Here are 6 tips to improve credit scores or your FICO score. Good credit must be earned and takes time. If you have no credit, it’s no easy task to prove to lenders that you are trustworthy and financially responsible enough to pay your bills in a timely manner. If you have no credit someone will likely take a chance on you because of your future earning potential, but lousy credit is a lot worse! Credit scores are three-digit numbers lenders use to gauge your creditworthiness. After the financial crisis hit, a higher FICO credit score is needed to get the best loan terms. Lenders typically expect scores of 740 or higher for the best mortgage rates. Lower scores mean higher rates or perhaps no loans at all.
Having a low credit score can also hurt you in other ways:
- Insurance companies use it to evaluate and set premiums.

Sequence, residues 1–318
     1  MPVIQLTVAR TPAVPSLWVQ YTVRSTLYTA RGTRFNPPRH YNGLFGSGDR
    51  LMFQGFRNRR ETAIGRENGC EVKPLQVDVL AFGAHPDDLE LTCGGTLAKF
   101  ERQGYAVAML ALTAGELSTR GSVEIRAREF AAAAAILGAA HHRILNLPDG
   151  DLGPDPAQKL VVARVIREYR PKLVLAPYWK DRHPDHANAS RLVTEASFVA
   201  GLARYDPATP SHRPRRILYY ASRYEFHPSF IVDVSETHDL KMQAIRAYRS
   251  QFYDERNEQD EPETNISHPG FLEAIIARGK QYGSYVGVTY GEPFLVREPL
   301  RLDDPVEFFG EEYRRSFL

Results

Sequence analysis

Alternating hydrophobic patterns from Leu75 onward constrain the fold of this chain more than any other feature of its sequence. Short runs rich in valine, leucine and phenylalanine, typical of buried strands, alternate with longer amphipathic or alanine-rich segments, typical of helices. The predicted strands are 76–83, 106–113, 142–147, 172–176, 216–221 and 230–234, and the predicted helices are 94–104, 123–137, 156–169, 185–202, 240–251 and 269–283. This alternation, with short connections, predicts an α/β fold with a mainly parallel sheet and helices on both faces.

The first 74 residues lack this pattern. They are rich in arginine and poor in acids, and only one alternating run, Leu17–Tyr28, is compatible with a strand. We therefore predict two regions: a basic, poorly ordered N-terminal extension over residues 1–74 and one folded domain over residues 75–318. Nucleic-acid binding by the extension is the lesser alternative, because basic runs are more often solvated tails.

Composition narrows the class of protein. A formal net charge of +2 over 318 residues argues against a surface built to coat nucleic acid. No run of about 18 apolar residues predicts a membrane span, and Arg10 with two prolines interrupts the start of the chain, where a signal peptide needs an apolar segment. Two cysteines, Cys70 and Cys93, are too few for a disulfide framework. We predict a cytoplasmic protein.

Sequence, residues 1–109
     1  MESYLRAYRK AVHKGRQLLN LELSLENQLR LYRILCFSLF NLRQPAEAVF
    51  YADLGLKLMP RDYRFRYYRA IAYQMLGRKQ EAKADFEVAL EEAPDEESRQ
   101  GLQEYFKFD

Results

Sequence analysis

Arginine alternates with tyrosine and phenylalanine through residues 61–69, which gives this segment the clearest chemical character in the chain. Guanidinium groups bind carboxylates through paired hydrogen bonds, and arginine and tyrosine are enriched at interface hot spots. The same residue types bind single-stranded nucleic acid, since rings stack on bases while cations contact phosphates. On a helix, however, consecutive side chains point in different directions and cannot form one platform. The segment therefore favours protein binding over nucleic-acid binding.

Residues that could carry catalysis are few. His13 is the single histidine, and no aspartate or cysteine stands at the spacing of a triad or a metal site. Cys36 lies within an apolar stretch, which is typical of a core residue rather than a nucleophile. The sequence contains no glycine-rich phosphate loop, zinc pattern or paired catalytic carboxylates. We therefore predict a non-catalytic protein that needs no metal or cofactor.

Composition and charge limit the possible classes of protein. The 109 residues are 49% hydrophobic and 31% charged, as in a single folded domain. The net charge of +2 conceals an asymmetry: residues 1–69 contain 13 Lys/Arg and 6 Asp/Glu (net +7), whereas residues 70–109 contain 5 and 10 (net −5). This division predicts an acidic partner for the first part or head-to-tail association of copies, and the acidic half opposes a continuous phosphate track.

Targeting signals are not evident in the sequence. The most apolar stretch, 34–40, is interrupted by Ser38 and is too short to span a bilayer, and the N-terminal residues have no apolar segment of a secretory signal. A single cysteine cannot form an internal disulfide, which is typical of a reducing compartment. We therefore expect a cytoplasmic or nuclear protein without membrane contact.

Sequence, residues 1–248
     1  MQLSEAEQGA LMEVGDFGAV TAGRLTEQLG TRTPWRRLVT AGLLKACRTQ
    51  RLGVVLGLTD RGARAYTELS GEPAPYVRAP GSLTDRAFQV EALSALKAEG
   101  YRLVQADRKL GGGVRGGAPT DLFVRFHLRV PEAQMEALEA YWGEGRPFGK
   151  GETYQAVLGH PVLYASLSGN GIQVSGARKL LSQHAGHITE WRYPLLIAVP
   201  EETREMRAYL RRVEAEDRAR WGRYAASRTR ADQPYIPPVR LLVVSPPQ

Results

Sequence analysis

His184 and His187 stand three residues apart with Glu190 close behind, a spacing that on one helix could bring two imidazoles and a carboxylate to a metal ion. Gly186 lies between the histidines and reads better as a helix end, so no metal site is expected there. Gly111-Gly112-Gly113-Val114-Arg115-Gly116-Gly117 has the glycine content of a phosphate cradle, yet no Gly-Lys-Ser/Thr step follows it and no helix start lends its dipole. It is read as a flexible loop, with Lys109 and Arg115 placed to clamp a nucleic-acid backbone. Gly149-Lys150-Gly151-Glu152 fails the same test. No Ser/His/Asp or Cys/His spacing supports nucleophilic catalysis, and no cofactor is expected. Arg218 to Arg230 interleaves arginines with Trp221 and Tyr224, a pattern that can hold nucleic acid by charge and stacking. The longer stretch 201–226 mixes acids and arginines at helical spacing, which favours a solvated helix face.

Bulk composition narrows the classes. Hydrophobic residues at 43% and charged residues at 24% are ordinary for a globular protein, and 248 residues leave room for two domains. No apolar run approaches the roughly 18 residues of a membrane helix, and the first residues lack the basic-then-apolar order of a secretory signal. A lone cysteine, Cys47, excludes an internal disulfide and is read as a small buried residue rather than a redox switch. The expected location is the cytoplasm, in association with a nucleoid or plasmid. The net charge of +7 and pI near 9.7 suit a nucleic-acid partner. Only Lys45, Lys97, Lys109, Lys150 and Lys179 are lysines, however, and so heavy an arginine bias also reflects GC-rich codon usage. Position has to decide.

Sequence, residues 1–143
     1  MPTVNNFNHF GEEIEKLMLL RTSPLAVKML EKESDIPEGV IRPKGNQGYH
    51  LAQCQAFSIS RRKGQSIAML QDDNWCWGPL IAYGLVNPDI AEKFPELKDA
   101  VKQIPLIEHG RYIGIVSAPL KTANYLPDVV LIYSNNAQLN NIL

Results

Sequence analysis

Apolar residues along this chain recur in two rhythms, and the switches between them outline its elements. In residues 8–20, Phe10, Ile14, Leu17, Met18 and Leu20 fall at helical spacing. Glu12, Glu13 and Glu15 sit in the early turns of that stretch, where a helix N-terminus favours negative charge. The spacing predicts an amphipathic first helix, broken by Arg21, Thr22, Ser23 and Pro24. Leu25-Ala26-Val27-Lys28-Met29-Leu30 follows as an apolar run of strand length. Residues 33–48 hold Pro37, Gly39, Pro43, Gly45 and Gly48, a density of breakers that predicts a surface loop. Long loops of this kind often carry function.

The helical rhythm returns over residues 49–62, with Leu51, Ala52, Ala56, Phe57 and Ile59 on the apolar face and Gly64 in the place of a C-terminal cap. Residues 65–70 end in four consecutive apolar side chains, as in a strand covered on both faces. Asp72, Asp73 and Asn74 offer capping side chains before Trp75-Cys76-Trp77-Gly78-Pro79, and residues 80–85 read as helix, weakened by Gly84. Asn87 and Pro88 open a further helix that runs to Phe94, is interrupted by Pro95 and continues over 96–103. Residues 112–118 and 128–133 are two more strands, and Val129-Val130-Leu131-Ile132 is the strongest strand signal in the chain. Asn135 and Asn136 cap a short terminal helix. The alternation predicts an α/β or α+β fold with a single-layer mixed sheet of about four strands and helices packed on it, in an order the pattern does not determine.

- Employers can judge a potential employee on how responsible they are based on their score.
- Landlords often use scores to determine whom they rent to.
Having poor credit can happen for a number of reasons and is sometimes unfairly judged. You may have paid your debts on time and responsibly for a long period of time and then faced a sudden pitfall such as the recession. Not paying your debts will certainly cause your credit score to plummet.
Here are some tips for building a better credit score:
1. Pay your bills on time! No really. This is a first step and a must!
2. Make a monthly budget and stick to it! You must track where you spend money to be able to budget it responsibly.
3. Get a copy of your credit score and check it for errors. You can’t improve it unless you know what you need to work on. Also, be sure to check it for mistakes, as they do happen. You can get a free report once a year from Annual Credit Report.com.
4. Don’t close unused cards. Closing a card that you are not using will affect your debt to credit ratio. The more credit you have available with the least amount of debt increases your credit score.
5. Don’t apply for a bunch of new cards . Opening new cards all the time will actually hurt your credit score.
6. Keep your balances low. A debt-to-credit ratio of 20% to 25% of the available credit per card is considered ideal by lenders.
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